The people of North Sentinel are primitive and known to be very hostile to outsiders. Some fishermen who accidentally drifted ashore in 2006 were killed. The exact numbers on the island aren't known for sure, but estimates range from 50-100. As a people, they have never accepted anyone outside of their community.
Dangers and relatively small numbers of people did not deter John. In his last letter to his parents, he wrote, "You guys might think I'm crazy in all this," and "But I think it's worth it to declare Jesus to these people." In his first attempt to reach the people of North Sentinel, he was approached by armed natives, with bows and arrows at the ready, as he shouted, "My name is John, I love you, and Jesus loves you." His first attempt was not successful. His journals indicate that he was scared and didn't want to die, but he still returned. In his last communication, he wrote "Please do not be angry at them or at God if I get killed." John planted seed with the North Sentinel people. His story of courage and sacrifice will inspire millions.
The apostle Peter faced a test of courage. Jesus had been arrested and taken to the house of the high priest. Peter was in the courtyard to see what would happen. He was asked three times if he had been with Jesus, and three times he denied it. When the rooster crowed, Jesus turned around and looked at him. Peter went outside and wept bitterly (Luke 22:54-62).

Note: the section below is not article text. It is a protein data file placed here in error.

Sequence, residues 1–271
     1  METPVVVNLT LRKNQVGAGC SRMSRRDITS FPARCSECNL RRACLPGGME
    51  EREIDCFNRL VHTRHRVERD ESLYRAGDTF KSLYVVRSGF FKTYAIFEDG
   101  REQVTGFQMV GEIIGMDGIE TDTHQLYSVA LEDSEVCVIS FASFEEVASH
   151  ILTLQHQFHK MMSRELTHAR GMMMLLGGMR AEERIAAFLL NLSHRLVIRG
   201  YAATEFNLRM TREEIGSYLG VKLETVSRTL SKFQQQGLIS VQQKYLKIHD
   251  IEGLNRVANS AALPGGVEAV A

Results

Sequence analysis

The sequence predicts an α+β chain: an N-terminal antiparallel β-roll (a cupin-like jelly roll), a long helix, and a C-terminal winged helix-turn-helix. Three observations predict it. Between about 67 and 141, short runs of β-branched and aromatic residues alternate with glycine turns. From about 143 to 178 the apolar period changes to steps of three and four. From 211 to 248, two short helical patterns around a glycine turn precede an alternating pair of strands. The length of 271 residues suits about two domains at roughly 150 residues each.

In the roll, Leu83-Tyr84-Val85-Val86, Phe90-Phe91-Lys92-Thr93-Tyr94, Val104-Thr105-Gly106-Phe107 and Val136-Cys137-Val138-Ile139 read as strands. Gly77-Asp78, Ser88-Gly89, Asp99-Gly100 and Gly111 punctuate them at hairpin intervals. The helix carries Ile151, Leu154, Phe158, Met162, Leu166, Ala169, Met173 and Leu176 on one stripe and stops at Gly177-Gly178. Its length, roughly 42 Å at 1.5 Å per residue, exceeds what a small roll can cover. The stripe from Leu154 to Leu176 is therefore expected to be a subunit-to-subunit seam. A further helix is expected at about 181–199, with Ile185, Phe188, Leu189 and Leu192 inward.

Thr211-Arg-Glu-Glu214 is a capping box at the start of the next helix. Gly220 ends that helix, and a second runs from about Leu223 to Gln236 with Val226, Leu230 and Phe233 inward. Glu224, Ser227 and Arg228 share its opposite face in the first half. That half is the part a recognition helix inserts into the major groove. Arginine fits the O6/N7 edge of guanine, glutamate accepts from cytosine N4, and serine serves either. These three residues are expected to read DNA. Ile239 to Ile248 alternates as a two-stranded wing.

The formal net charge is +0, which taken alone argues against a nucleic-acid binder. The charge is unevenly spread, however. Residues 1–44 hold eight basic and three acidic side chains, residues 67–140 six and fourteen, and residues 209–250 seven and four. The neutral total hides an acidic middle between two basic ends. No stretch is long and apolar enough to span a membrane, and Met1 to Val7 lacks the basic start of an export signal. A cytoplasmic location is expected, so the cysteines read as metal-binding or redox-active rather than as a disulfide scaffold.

But that was not the end of the story. After the crucifixion and the resurrection, but before Christ returned to the Father, Jesus told the disciples to wait in Jerusalem until they had received power from on high (Acts 1:4-8). Immediately after Pentecost, Peter gave a sermon where he boldly laid the responsibility for the blood of Christ (their messiah) on the people—3,000 were converted (Acts 2:14-41).
Shortly thereafter, Peter and John were entering the temple, when they healed a lame beggar in the name of Jesus. The commotion caused quite a stir, and they were arrested. Appearing before the same Sanhedrin which had caused the Lord to be crucified, they boldly declared that they would continue to teach and speak about Jesus. Before the same people where the courage of Peter had failed a few weeks earlier, he was boldly declaring Jesus. They were released. What happened? The disciples had received the baptism of the Holy Spirit and were endowed with courage.
Not satisfied, Peter wanted more boldness. Upon release, he and John went to their companions and prayed for boldness, healings and signs and wonders. In response, the earth shook, they were all filled with the Holy Spirit and began to speak the word of God with boldness (courage).
We might not be called to witness to the people of North Sentinel or the Sanhedrin, but we are called. The people of our churches are called. We all have influence with some, but do we have the consecration? Do we have the courage? Are we willing to step out of our comfort zone? Are we willing to obey our Lord, regardless of consequences?
Dr. James Russell is a professor of economics at Oral Roberts University.